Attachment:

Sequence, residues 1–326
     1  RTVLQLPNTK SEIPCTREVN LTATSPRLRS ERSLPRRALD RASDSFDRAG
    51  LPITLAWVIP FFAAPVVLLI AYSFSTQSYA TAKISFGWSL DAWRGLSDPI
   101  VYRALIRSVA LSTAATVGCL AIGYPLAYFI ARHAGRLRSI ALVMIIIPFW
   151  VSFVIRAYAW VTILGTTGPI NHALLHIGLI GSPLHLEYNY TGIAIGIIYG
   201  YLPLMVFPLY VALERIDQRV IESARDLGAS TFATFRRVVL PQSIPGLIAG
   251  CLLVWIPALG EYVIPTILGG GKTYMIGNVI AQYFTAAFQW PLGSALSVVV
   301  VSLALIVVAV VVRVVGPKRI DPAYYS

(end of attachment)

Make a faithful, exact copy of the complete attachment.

Sequence, residues 1–326
     1  RTVLQLPNTK SEIPCTREVN LTATSPRLRS ERSLPRRALD RASDSFDRAG
    51  LPITLAWVIP FFAAPVVLLI AYSFSTQSYA TAKISFGWSL DAWRGLSDPI
   101  VYRALIRSVA LSTAATVGCL AIGYPLAYFI ARHAGRLRSI ALVMIIIPFW
   151  VSFVIRAYAW VTILGTTGPI NHALLHIGLI GSPLHLEYNY TGIAIGIIYG
   201  YLPLMVFPLY VALERIDQRV IESARDLGAS TFATFRRVVL PQSIPGLIAG
   251  CLLVWIPALG EYVIPTILGG GKTYMIGNVI AQYFTAAFQW PLGSALSVVV
   301  VSLALIVVAV VVRVVGPKRI DPAYYS